The NAFTA signing ceremony in San Antonio, Texas, on Oct. 7, 1992. Pat Sullivan/THE ASSOCIATED PRESS
UPDATED November 22, 2017 1:32pmET
NAFTA negotiators will reconvene in late January in Montreal for a sixth round of formal talks, with no firm deal yet to adjust the North American Free Trade Agreement.
Foreign Affairs Minister Chrystia Freeland spoke to reporters in Ottawa this week about the close of round five between Canada, Mexico, and the United States:
The official trilateral statement said: “chief negotiators concentrated on making progress with the aim of narrowing gaps and finding solutions. As a result, progress was made in a number of chapters.”
Compare that to the statement following the fourth round in mid-October:
Parties have now put forward substantially all initial text proposals. New proposals have created challenges and Ministers discussed the significant conceptual gaps among the Parties. Ministers have called upon all negotiators to explore creative ways to bridge these gaps. To that end, the Parties plan on having a longer intersessional period before the next negotiating round to assess all proposals.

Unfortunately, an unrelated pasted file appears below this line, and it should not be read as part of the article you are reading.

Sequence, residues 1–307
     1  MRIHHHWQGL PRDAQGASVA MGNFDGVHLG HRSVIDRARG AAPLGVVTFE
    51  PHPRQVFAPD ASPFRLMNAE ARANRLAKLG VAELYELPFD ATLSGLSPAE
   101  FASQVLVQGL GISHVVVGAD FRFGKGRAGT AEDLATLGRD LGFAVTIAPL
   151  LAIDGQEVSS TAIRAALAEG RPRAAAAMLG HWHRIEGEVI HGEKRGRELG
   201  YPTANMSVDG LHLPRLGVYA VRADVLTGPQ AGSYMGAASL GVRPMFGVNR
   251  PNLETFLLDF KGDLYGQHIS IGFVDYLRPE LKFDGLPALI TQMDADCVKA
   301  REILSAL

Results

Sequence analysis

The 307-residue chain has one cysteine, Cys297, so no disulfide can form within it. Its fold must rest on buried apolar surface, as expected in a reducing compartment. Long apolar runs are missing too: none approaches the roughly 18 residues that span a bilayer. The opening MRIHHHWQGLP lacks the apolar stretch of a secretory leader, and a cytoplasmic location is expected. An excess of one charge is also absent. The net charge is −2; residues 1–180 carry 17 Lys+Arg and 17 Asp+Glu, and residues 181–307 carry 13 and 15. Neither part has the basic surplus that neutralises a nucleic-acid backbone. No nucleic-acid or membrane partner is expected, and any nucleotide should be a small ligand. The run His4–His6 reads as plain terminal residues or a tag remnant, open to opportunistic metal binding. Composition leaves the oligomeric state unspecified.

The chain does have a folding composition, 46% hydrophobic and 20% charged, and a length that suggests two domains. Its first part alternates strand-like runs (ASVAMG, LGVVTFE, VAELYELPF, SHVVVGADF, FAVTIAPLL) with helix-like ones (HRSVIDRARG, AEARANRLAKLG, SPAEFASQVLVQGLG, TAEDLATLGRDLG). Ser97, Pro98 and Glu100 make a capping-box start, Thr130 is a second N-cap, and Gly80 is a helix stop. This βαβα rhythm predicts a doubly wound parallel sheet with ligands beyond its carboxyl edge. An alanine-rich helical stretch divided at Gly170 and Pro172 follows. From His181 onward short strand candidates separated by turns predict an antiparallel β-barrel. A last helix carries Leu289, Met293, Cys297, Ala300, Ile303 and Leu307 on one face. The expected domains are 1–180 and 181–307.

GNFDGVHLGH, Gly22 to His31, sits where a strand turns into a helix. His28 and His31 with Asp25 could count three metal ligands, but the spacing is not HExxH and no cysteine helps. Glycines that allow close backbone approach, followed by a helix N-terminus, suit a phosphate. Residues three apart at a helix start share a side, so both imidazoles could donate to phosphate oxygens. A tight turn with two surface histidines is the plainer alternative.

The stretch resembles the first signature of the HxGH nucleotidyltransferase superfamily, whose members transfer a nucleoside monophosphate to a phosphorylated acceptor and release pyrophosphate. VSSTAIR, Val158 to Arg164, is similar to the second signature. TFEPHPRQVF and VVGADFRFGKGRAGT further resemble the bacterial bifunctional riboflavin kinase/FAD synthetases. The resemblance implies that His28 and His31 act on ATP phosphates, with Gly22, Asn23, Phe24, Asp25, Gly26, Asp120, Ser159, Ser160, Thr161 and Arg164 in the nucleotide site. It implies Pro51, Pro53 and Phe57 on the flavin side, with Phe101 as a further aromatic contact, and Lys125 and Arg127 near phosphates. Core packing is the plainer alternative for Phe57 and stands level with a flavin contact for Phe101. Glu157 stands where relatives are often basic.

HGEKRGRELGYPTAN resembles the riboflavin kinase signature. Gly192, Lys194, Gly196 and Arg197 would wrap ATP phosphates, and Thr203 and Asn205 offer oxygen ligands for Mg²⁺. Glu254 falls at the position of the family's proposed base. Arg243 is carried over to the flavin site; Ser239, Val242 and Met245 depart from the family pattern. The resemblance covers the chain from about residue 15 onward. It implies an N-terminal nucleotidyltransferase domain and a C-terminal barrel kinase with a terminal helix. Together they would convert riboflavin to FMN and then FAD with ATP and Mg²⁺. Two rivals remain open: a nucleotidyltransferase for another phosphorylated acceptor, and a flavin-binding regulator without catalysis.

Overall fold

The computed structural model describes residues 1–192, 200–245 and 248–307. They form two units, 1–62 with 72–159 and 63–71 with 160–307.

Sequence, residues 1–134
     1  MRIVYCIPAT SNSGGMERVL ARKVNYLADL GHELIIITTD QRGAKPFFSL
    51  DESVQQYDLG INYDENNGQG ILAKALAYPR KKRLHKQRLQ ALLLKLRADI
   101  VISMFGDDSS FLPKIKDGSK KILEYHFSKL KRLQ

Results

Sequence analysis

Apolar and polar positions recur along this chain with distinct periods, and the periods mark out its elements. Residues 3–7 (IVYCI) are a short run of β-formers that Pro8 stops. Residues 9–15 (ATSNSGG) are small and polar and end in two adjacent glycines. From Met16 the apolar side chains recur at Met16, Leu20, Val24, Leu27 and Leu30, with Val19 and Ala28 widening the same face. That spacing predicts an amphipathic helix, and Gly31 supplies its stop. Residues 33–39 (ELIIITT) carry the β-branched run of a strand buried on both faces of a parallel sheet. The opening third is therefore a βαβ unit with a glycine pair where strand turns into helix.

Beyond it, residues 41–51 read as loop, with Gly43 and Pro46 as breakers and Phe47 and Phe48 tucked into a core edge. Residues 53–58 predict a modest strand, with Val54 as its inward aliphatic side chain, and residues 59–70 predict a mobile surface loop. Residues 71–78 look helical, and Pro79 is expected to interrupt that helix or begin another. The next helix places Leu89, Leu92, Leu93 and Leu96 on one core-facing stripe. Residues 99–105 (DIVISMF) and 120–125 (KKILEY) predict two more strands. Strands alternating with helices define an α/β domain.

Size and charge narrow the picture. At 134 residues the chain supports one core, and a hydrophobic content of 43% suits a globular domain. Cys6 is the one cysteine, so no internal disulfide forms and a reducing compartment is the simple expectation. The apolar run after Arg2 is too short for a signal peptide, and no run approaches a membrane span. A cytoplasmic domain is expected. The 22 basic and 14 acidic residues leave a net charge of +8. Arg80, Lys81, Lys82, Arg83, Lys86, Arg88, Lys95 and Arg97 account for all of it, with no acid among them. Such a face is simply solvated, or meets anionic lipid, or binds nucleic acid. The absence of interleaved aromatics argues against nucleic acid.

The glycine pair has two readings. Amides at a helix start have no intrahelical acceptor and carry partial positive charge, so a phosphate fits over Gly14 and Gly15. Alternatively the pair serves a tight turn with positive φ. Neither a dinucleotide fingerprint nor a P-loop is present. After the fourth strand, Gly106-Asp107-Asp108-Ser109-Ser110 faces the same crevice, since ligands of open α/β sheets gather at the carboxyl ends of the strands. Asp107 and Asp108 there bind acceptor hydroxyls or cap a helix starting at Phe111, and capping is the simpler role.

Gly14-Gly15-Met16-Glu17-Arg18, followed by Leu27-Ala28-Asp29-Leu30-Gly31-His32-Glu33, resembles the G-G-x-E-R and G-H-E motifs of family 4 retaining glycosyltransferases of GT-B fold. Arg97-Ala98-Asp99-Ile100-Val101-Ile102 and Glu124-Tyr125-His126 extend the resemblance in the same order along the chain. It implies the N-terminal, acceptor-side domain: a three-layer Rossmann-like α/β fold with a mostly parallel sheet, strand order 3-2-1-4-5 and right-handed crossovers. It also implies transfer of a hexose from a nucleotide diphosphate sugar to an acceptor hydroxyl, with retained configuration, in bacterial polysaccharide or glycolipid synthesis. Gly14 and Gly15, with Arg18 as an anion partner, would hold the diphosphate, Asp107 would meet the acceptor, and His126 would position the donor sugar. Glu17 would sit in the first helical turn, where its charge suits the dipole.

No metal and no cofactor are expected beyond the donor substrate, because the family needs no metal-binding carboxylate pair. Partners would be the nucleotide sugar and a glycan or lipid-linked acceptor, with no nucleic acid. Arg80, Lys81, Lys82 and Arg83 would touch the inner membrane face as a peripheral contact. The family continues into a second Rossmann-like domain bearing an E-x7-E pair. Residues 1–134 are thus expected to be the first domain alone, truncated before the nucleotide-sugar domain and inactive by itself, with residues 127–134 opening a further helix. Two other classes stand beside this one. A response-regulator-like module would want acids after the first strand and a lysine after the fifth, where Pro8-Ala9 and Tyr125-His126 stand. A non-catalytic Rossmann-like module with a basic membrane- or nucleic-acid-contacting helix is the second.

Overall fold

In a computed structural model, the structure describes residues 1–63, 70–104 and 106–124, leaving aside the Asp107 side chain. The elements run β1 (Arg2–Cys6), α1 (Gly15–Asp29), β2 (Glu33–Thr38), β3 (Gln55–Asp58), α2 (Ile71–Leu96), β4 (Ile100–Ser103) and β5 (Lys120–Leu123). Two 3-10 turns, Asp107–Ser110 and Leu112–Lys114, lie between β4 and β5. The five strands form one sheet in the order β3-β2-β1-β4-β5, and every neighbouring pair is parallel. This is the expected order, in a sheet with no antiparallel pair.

With U.S. Trade Representative Robert Lighthizer voicing concern that American demands weren’t being accepted, even citing a “resistance to change” from Canada and Mexico, Freeland defended her government’s approach:
Chrystia Freeland on NAFTA talks: encountered “unconventional proposals…that make our work much more challenging” & “turn back the clock” pic.twitter.com/nhLUrszDgx
— CPAC (@CPAC_TV) October 17, 2017
More on NAFTA:
- Trade Talk: The Video Record
- Trade Talk: Mapping NAFTA
- Trade Talk: The Numbers
- Trade Talk: The American View